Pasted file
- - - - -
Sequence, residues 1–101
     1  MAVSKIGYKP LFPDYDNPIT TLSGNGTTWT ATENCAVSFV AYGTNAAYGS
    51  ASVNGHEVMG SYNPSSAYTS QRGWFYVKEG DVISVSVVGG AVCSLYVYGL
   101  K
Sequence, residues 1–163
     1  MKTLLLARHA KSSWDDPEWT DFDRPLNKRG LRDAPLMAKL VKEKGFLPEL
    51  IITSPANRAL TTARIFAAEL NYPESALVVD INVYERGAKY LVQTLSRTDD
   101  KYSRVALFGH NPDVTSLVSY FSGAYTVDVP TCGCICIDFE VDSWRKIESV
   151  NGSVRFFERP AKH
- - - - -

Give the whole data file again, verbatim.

Sequence, residues 1–101
     1  MAVSKIGYKP LFPDYDNPIT TLSGNGTTWT ATENCAVSFV AYGTNAAYGS
    51  ASVNGHEVMG SYNPSSAYTS QRGWFYVKEG DVISVSVVGG AVCSLYVYGL
   101  K
Sequence, residues 1–163
     1  MKTLLLARHA KSSWDDPEWT DFDRPLNKRG LRDAPLMAKL VKEKGFLPEL
    51  IITSPANRAL TTARIFAAEL NYPESALVVD INVYERGAKY LVQTLSRTDD
   101  KYSRVALFGH NPDVTSLVSY FSGAYTVDVP TCGCICIDFE VDSWRKIESV
   151  NGSVRFFERP AKH